(HealthDay News) – For women who receive epidural analgesia, an elevation in the maternal intrapartum temperature is associated with an increased risk of adverse neonatal events, according to a study published online Jan. 30 in Pediatrics.

To investigate the association of intrapartum temperature elevation with adverse neonatal outcomes, Elizabeth A. Greenwell, ScD, from the Harvard School of Public Health in Boston, and colleagues studied all low-risk nulliparous women with singleton term pregnancies from Brigham and Women’s Hospital during 2000. For those without intrapartum temperature elevation (≤99.5ºF), neonatal outcomes were compared between 1,538 women who received epidural analgesia and 363 who did not. In a subsequent phase of analysis, neonatal outcomes were assessed according to the level of temperature elevation in a group of 2,784 women who received epidural analgesia.

The investigators found that a maternal temperature above 100.4ºF developed in 19.2% of women receiving epidural versus 2.4% not receiving epidural analgesia. There were no significant differences in adverse neonatal outcomes for women receiving or not receiving epidural in the absence of intrapartum temperature elevation. For women receiving epidural, a significant linear trend was seen between maximum maternal temperature and adverse neonatal outcomes; a two- to six-fold increased risk for all adverse outcomes was observed for infants born to women with a fever above 101ºF.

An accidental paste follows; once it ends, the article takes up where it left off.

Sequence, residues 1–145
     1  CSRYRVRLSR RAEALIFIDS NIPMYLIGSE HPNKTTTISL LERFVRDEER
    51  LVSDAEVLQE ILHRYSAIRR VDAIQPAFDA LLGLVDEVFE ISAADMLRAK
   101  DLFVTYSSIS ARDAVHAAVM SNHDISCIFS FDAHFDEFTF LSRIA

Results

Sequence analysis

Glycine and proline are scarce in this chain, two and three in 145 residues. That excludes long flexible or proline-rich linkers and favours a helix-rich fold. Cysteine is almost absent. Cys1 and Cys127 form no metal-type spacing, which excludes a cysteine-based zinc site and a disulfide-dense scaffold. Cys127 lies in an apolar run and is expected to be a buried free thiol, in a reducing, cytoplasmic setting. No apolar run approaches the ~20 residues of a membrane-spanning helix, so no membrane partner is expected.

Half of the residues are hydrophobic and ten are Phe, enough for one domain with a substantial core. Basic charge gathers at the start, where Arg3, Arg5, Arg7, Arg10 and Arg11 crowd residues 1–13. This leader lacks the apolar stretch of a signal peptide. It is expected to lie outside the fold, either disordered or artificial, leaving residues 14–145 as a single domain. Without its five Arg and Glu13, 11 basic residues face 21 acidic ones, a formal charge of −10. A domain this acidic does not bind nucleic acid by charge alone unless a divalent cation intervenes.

“Our study indicates that even moderate elevation in maternal temperature among low-risk nulliparous women who received epidural analgesia is an independent predictor of adverse neonatal outcome in term infants,” the authors write.

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